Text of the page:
US museums are quietly buying art – and downplaying their acquisitions – after the coronavirus pandemic. While many institutions are suffering from severe revenue cuts, fees have expanded with limited acquisition funds.
While the Covid-19 pandemic wreaked havoc on U.S. art museums in 2020, forcing many to close their doors for months and spend painful layoffs, some of them quietly continued to collect art. They mainly used trust funds for acquisitions, which by law cannot be used for other purposes, given the terms of the gifts of the original donors and the laws governing non-profit organizations.
Most of the US museums have these limited acquisition funds. Most of the US museums have these limited acquisition funds. And it goes not only about the country’s great encyclopedic art museums but also some mid-sized museums.
The Met spent about $ 30 million of these funds last year to purchase works ranging from important Old Master paintings such as The Temptation of St. Mary Magdalene by Johann Liss (circa 1626) and Clara Peeters’s Bouquet of Flowers (circa 1612) to a series of paintings wooden reliefs of Lygia Pape “The Book of Night and Day” (1963-76). The USA museum has a total fund of more than $ 3 billion, but the institution declined to disclose the number of its limited funds for the acquisition.
MFAH raised about $ 22 million from an acquisition fund of $ 494 million in 2020 to finance specific works by Christina Iglesias, Carlos Cruz-Diez, and El Anatsui, among others.
And the Museums of Fine Arts of San Francisco (FAMSF) set an auction record for enslaved African-American potter David Drake in November. The USA museum spent $ 3.1 million on art through a $ 63 million acquisition fund. The record was set for enslaved African-American potter David Drake. The US museum acquired a large lettering jar made in 1834 for $ 369,000 against a valuation of $ 40,000. – $ 60,000 at Brunk Auctions.
However, museum collecting looks very different these days. Not only was there a greater focus on women and color painters, but acquisitions were also more quiet than usual out of fear of appearing immune to the financial distress of staff and visitors.
Much less common are press releases announcing large purchases. The US museums are in an unusual position: they play down their acquisitions rather than promote them. Thomas Campbell, director of FAMSF, says it is imperative to reiterate that these acquisition funds cannot be used for other purposes. He added that they are doing everything in their power to keep as many staff as possible during these difficult times, so he wants to avoid confusion on this front.
The process for changing restrictions on such funds varies from state to state. It may require the involvement of the courts and the attorney general, as well as the original donors or their heirs. Max Hollein, director of Met, says their purchasing activity has dropped significantly in 2020 as the institution has struggled to cope with the pressure of the pandemic. The limited number of works purchased were mainly those purchases that were already in progress before the pandemic “or” were made using dedicated funds to acquire.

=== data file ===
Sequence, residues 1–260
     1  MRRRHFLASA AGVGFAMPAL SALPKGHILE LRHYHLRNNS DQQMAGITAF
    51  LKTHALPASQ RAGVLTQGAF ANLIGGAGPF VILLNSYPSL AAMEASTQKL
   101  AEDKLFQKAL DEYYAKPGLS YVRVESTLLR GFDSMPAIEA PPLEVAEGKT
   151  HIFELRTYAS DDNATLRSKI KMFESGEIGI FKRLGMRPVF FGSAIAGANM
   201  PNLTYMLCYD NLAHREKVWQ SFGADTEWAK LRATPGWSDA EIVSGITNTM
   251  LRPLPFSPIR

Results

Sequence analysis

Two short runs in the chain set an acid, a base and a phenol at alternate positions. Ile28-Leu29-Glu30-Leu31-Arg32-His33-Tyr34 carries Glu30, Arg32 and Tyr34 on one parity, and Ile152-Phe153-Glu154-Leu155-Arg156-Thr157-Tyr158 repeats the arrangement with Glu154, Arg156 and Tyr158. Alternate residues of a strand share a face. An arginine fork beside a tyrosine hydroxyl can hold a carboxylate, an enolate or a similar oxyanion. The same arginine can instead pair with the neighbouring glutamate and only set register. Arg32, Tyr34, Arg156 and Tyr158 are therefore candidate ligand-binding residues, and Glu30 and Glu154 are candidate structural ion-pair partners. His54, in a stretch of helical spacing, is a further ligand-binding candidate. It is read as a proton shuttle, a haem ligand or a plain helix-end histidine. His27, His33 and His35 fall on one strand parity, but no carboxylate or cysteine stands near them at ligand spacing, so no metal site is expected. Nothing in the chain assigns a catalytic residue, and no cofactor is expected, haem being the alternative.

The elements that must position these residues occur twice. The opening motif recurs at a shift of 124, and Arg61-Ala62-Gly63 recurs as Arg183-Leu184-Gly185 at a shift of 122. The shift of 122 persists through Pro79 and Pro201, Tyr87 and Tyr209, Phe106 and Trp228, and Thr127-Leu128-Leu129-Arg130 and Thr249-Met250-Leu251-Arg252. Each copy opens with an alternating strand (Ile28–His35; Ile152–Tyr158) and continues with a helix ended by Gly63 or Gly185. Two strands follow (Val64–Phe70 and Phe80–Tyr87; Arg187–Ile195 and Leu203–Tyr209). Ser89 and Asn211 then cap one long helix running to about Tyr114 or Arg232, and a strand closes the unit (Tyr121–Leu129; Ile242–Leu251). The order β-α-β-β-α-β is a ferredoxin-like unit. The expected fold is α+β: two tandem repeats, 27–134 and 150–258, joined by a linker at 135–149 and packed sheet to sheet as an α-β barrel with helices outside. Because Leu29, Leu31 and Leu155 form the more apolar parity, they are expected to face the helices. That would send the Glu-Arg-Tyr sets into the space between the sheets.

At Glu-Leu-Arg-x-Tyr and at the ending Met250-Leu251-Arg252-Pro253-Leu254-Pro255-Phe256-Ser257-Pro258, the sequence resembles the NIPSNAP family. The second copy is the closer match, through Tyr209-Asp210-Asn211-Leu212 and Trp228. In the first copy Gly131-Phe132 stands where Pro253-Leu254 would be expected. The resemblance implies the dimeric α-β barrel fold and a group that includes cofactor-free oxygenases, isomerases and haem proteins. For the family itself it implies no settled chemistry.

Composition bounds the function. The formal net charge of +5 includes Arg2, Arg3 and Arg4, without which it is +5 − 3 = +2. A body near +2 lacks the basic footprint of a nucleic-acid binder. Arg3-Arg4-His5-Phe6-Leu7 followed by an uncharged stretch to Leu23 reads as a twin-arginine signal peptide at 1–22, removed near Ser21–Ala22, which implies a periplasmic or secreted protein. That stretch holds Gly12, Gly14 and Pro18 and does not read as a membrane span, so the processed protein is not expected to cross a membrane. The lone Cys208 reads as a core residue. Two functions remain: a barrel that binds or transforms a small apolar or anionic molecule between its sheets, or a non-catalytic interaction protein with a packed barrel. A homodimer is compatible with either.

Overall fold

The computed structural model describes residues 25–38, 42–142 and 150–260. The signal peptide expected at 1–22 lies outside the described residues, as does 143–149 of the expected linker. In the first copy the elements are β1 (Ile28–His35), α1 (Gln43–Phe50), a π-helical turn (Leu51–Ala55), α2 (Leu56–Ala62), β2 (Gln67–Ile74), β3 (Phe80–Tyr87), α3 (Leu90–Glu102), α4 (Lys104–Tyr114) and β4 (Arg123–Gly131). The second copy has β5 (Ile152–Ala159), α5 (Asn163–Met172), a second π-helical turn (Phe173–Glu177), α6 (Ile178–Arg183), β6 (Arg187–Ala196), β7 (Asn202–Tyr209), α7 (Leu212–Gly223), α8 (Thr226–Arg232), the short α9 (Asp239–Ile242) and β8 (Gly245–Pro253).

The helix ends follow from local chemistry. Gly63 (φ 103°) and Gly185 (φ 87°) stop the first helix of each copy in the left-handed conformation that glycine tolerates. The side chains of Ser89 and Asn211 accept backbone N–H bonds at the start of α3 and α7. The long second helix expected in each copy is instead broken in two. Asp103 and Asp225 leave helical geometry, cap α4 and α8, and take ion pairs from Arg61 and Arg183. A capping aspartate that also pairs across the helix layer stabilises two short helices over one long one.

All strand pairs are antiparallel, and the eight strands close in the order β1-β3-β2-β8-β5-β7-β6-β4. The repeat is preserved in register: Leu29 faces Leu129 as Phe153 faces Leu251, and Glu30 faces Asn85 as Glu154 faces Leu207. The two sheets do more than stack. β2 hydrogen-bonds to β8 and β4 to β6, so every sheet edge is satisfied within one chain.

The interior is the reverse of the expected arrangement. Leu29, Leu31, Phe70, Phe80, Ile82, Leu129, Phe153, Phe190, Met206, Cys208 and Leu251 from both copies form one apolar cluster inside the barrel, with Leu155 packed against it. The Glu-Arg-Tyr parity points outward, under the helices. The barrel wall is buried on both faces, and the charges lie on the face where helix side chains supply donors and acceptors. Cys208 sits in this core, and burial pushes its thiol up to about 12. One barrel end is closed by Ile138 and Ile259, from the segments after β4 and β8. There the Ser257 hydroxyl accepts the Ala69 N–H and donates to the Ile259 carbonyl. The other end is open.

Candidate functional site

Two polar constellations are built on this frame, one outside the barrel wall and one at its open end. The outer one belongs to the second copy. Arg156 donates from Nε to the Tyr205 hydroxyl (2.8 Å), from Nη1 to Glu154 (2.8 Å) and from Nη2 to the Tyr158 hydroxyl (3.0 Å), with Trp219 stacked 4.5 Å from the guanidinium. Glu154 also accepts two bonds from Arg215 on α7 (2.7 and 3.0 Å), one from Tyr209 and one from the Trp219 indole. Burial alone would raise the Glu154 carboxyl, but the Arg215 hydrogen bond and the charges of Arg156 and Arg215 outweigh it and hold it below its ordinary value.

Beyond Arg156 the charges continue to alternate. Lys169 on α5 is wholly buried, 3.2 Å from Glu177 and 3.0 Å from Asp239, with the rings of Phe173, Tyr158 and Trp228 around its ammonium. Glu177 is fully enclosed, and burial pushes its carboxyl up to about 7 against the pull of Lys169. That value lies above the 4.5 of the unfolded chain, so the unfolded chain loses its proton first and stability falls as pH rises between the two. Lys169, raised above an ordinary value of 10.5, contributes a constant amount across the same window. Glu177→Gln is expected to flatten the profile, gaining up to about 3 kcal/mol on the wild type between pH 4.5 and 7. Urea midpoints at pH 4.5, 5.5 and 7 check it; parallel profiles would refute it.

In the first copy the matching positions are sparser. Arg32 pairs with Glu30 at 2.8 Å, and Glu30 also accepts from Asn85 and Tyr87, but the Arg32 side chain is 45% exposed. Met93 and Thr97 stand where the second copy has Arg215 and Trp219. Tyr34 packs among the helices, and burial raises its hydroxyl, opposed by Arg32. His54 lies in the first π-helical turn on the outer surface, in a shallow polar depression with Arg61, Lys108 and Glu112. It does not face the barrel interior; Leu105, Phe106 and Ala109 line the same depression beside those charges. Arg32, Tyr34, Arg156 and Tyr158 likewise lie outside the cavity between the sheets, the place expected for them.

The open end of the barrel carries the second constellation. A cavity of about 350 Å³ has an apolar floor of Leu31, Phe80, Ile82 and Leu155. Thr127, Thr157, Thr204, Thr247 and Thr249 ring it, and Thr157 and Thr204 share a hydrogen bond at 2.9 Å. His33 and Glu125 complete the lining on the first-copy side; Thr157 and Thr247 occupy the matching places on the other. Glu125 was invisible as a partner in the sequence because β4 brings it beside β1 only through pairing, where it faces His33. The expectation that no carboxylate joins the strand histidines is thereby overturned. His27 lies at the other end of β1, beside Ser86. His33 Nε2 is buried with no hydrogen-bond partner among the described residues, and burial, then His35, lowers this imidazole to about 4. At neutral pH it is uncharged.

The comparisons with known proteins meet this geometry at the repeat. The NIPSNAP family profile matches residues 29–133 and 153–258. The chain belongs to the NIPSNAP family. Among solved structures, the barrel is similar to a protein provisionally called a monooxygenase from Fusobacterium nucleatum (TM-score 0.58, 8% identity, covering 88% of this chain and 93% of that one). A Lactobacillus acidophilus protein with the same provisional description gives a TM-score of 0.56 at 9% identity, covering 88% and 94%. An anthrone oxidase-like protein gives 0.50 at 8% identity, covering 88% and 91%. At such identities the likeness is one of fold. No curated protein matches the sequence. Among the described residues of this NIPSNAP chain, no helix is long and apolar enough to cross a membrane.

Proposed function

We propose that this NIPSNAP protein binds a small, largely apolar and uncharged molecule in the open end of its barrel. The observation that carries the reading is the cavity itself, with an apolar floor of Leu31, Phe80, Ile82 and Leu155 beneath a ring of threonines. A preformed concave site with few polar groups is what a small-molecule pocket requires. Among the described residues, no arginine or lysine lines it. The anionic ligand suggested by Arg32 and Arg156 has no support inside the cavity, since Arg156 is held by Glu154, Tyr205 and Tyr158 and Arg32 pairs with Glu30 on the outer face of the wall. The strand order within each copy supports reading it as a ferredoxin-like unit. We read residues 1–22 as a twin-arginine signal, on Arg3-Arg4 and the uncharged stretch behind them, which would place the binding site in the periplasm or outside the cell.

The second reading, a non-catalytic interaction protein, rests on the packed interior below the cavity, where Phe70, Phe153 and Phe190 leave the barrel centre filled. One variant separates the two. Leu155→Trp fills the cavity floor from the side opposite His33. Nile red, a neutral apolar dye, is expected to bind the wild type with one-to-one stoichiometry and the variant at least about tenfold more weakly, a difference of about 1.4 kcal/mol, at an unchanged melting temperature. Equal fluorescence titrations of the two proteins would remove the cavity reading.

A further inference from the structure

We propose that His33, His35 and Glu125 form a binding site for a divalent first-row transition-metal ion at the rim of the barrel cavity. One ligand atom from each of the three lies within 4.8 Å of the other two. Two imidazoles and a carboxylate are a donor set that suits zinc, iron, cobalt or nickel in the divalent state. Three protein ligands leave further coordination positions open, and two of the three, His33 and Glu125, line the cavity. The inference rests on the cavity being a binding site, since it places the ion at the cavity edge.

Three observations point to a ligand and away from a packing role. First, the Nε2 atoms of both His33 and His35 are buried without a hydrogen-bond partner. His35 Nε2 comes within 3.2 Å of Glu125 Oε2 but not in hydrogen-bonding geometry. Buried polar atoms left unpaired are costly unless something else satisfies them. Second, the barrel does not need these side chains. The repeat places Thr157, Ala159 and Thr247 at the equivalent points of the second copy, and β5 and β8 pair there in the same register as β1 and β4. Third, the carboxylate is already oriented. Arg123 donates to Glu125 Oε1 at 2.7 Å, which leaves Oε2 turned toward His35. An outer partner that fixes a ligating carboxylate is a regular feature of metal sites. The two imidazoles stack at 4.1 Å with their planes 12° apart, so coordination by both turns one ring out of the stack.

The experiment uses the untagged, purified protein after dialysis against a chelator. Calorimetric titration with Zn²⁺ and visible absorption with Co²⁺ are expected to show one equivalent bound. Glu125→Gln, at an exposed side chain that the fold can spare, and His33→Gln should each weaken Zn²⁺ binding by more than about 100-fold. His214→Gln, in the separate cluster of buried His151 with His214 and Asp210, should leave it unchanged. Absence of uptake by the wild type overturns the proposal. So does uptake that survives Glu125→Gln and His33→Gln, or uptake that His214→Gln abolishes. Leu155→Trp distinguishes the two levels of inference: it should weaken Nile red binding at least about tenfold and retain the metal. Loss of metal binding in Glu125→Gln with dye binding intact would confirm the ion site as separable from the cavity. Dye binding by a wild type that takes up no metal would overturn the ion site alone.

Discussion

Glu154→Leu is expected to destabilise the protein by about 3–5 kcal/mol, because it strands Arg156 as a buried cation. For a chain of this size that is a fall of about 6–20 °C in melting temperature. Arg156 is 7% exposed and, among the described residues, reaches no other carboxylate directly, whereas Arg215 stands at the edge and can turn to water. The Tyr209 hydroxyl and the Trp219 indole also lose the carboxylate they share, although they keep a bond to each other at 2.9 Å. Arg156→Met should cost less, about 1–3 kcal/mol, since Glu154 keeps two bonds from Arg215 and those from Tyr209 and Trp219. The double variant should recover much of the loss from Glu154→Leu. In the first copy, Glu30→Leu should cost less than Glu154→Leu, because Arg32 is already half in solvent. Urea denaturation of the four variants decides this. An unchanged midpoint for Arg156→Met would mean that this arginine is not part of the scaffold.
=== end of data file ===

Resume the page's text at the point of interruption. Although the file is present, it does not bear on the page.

Some USA museum directors refused to speak on the record, one of them explained that the institution is preparing for the next round of layoffs or layoffs of employees, and procurement is clearly not a priority.
The Met has announced funding for a new $ 10 million donation to purchase an artwork by 20th and 21st-century artists BIPOC.
On the other hand, in some cases, acquisitions in 2020 seemed particularly strong due to a new building project that started long before the pandemic. MFAH opened its Kinder Building this fall, completing the $ 385 million campus expansion designed by architect Stephen Hall.
The USA museum Director Gary Tinterow says all modern and contemporary acquisitions in 2020 and over the years have been associated with the installation of the Kinder Building. The Museum of Asian Art in San Francisco, which this summer unveiled new galleries designed by Kulapat Yantrasast following a $ 100 million overhaul, was able to make multiple purchases this year with interest on a limited $ 2.7 million fund combined with annual gifts intended for purchase.
The highlight was the acquisition of a pink-green storm of Bernice Byng’s 1963 abstract painting The Lady and the Road Map. Bing, or Bingo, was a respected figure in the Bay Area art community in the 1950s and 1960s, but her Abstract Expressionist work has largely left the movement’s history, “explains Jay Xu, director of the museum. The fact that a Chinese American and lesbian artist could so easily disappear from history is no surprise, and Bing even raised this issue in some of her paintings.
Also in an effort to expand the canon, the Met has announced funding for a new $ 10 million donation dedicated to the acquisition of works by 20th and 21st-century BIPOC (Black Indigenous, Colored) artists.
Hollein says this newly created limited fund is certainly not the only set of funds they would use for this type of acquisition – quite the opposite. But donations and their limitations can represent and signal an organization’s commitment to a particular purpose.